Mrs. Wilkes Dining Room is a local institution and a must-visit when in town. Sitting in the Historic District, this Southern boarding house turned restaurant follows traditions dating back to its opening in 1943. The dining room has a simple set up of communal tables where diners sit with around 10 other guests and are served an array of homestyle Southern cooking family style. The Olde Pink house is another popular restaurant in the heart of the historic downtown offering an antebellum feel with an authentic experience.

If you're looking to try something different, be sure to head over to Zunzi's, a tiny hole-in-the-wall takeout spot with a South African influence. Famous for their sandwiches, be sure to order the Conquistador, a juicy chicken sandwich combined with two secret sauces on a crunchy French bread. They're only open during lunch hours, but it's worth stopping by for a quick bite.

For reimagined Southern dishes, book a table at Local 11ten, where you can enjoy a cocktail from their inventive menu while noshing on food that focuses on Southern-influenced cuisine. A.lure is another great option with a contemporary approach to classic Southern and seafood dishes.

Getting there

Fly direct to Savannah, Georgia, from multiple U.S. cities. Flights are two hours from Chicago and two-and-a-half hours from New York City. The airport is just a 25-minute drive from Savannah's historic district. Visit united.com or use the United app to book your flight.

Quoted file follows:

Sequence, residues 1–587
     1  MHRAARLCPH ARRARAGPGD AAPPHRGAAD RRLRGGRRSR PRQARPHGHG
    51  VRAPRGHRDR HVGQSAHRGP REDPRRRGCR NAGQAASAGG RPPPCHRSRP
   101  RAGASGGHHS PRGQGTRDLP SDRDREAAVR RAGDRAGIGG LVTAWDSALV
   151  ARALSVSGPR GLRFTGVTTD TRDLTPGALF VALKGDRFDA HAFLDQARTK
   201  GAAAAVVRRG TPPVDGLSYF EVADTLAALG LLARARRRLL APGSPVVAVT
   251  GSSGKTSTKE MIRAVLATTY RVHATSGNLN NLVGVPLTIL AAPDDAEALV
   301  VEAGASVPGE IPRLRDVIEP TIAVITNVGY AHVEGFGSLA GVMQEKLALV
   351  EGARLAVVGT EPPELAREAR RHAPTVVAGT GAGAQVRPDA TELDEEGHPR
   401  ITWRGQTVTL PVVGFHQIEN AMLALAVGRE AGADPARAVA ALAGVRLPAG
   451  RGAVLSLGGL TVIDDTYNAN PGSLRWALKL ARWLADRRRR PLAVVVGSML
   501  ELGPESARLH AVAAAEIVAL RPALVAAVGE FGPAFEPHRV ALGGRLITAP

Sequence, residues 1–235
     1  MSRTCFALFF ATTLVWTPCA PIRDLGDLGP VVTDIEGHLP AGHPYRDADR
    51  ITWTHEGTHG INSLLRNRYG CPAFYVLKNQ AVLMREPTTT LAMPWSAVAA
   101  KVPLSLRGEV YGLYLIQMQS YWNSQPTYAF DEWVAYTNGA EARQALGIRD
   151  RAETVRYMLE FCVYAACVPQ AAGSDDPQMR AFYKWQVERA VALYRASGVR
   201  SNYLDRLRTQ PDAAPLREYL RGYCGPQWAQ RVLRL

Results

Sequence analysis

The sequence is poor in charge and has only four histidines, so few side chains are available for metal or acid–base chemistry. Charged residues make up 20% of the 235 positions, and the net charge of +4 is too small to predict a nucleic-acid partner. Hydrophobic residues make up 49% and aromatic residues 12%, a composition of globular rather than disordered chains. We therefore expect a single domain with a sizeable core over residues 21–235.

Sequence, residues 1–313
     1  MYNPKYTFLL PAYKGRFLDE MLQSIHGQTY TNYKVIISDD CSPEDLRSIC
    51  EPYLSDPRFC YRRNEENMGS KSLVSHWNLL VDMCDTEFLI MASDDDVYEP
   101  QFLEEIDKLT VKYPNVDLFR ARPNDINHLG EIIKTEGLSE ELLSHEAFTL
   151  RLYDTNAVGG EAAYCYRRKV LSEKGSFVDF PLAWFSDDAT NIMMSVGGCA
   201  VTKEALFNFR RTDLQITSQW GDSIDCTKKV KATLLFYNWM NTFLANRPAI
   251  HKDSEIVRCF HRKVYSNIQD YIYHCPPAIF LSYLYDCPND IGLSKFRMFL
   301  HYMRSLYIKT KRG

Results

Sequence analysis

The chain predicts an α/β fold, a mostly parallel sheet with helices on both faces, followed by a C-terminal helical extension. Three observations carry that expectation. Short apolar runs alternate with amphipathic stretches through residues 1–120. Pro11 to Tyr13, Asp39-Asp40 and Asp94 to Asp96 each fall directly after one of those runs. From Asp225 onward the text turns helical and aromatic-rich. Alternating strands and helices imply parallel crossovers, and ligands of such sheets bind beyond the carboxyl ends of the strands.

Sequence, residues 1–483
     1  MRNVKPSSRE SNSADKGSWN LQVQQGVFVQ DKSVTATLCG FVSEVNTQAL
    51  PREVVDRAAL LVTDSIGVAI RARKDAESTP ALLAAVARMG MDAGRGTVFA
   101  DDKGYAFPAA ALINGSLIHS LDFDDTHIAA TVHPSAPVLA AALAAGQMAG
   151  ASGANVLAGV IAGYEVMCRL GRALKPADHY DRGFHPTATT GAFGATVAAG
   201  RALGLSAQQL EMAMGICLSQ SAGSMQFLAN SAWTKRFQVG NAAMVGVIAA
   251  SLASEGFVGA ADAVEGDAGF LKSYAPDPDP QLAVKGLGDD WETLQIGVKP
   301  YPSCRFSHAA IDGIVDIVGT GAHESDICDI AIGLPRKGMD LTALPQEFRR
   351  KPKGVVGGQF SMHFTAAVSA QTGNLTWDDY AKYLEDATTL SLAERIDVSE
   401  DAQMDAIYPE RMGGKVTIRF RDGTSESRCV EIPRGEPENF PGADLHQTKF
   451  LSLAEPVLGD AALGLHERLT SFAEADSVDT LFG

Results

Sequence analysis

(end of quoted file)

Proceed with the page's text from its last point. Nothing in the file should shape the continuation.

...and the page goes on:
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Jessica Kimbrough named Chief Diversity, Equity and Inclusion Officer

By The Hub team, July 10, 2020

Jessica Kimbrough, currently Labor Relations and Legal Strategy Managing Director, will take on the new role of Chief Diversity, Equity and Inclusion Officer Managing Director.

Jessica assumes this new and expanded position to focus on global inclusion and equity as part of our enhanced commitment to ensure best practices across the business to strengthen our culture.

In this role, Jessica will be responsible for helping United redefine our efforts on diversity, equity and inclusion – ensuring that our programs and approach are strategic, integrated and outcome-oriented, while we continue to build a culture that reflects our core values. She will report to Human Resources and Labor Relations EVP Kate Gebo.

"Jessica's appointment to this role is another critical step our executive team is taking to ensure diversity, equity and inclusion remains a top priority at United," said CEO Scott Kirby. "Given her drive, experience and commitment to champion collaboration and allyship among our employee business resource groups, she is uniquely qualified to take on this position and I look forward to working closely with her."